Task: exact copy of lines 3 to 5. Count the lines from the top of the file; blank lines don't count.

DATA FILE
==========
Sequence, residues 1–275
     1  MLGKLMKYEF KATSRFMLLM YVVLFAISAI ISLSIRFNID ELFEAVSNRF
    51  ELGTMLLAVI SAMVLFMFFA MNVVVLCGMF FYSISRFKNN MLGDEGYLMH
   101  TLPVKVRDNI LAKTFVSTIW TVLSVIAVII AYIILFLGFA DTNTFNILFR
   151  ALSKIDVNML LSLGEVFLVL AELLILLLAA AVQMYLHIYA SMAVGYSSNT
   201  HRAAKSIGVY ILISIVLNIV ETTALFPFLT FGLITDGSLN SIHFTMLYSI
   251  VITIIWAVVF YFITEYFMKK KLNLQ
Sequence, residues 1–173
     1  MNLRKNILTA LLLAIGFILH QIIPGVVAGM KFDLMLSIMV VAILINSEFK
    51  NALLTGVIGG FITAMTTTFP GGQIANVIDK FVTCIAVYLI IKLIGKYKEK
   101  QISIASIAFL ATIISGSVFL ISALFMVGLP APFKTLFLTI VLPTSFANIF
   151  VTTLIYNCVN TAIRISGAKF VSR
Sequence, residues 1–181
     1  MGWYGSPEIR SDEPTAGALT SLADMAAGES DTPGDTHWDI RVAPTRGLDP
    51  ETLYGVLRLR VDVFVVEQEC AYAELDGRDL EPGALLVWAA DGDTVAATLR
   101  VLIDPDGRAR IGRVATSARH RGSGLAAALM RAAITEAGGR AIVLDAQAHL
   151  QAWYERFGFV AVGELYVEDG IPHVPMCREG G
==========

    51  ELGTMLLAVI SAMVLFMFFA MNVVVLCGMF FYSISRFKNN MLGDEGYLMH
   101  TLPVKVRDNI LAKTFVSTIW TVLSVIAVII AYIILFLGFA DTNTFNILFR
   151  ALSKIDVNML LSLGEVFLVL AELLILLLAA AVQMYLHIYA SMAVGYSSNT